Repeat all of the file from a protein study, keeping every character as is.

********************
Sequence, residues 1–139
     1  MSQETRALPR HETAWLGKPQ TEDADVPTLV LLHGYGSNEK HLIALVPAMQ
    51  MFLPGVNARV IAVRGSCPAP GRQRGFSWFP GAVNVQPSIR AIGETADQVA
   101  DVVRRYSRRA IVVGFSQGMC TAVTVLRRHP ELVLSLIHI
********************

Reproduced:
Sequence, residues 1–139
     1  MSQETRALPR HETAWLGKPQ TEDADVPTLV LLHGYGSNEK HLIALVPAMQ
    51  MFLPGVNARV IAVRGSCPAP GRQRGFSWFP GAVNVQPSIR AIGETADQVA
   101  DVVRRYSRRA IVVGFSQGMC TAVTVLRRHP ELVLSLIHI